Filed under: Activities & Attractions, Campgrounds & RV Parks
Exploring Seattle and the Surrounding Area
In the 19th century no one was betting on Seattle to become the great metropolis of the Northwest. The Washington capital was placed in Olympia and the railroads all built towards Tacoma. Then in the 1890s gold was discovered in the Yukon in the far north and tiny Seattle on the Puget Sound was the nearest port to ship supplies into the wilderness. Because of that, exploring Seattle has now become very popular.
The 605-foot high Space Needle, a souvenir of the 1962 World’s Fair, became a symbol of the city and the rejuvenated Pike Place Market a favorite destination. Dropping a few shekels in Rachel, the 550-pound bronze piggy bank that acts as an unofficial mascot, helps keep the century-old stalls humming. Pike Place Market is one of the country’s oldest farmers’ markets and all Seattle RV parks will have maps leading to Pike Place and Pike Street.
Starbucks opened in the Pike Place Market in 1971, taking its name from the chief mate to the tyrannical Captain Ahab on the Pequod that was chasing Moby Dick. The coffee roasters were moved to the current location at 1912 Pike Place in 1977 where the sign outside retains the original logo. Nearby the Seattle Gum Wall came is second in voting for “The Germiest Tourist Attraction in the World.”
You can still see more remnants of old Seattle south of the market at Pioneer Square. After a fire scorched the 19th century town the charred buildings were covered over and the muddy tidal flats graded for the first time. When some of the old buildings showed murmurs of life glass insets were placed in the sidewalk to provide some illumination. You can tour Underground Seattle upon which modern-day Emerald City was built.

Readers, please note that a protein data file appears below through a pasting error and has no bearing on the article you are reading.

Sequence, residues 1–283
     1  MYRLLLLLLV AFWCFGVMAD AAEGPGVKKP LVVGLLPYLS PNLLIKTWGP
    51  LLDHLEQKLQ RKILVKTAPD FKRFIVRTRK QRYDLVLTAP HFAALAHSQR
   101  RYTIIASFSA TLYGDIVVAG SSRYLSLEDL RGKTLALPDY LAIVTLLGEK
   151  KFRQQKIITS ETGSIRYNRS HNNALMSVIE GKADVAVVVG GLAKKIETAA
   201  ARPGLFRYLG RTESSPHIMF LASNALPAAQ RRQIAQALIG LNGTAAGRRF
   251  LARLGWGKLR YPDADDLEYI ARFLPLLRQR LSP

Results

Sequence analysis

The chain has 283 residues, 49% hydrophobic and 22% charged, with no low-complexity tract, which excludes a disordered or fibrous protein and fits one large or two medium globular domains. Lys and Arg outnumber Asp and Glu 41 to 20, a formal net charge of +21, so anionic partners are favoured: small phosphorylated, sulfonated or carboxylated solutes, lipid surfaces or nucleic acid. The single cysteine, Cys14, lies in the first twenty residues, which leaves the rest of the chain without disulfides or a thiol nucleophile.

Exploring Seattle RV parks will provide convenient access to all Puget Sound destinations including Tacoma, that had been Washington’s first “City of Destiny” when the Northern Pacific Railroad selected Commencement Bay as the western terminus for its line across America’s northern tier. Those heady days have endowed the town with signature art and history museums.
One collaboration between glass sculptor Dale Chihuly and the city of Tacoma resulted in the Chihuly Bridge of Glass, a 500-foot-long covered pedestrian footbridge that brings visitors from the downtown core to its cultural corridor beginning with the Museum of Glass. The Chihuly Bridge of Glass includes three installations including a ceiling of glass shapes and forms that simulate being underwater and a series of 109 sculptures encased in glass cases. The Crystal Towers that soar forty feet above the bridge deck are meant to illuminate and evoke the mountain peaks, such as Mount Rainier, that dominate the skyline to the east of both Puget Sound cities and all of Seattle’s RV parks.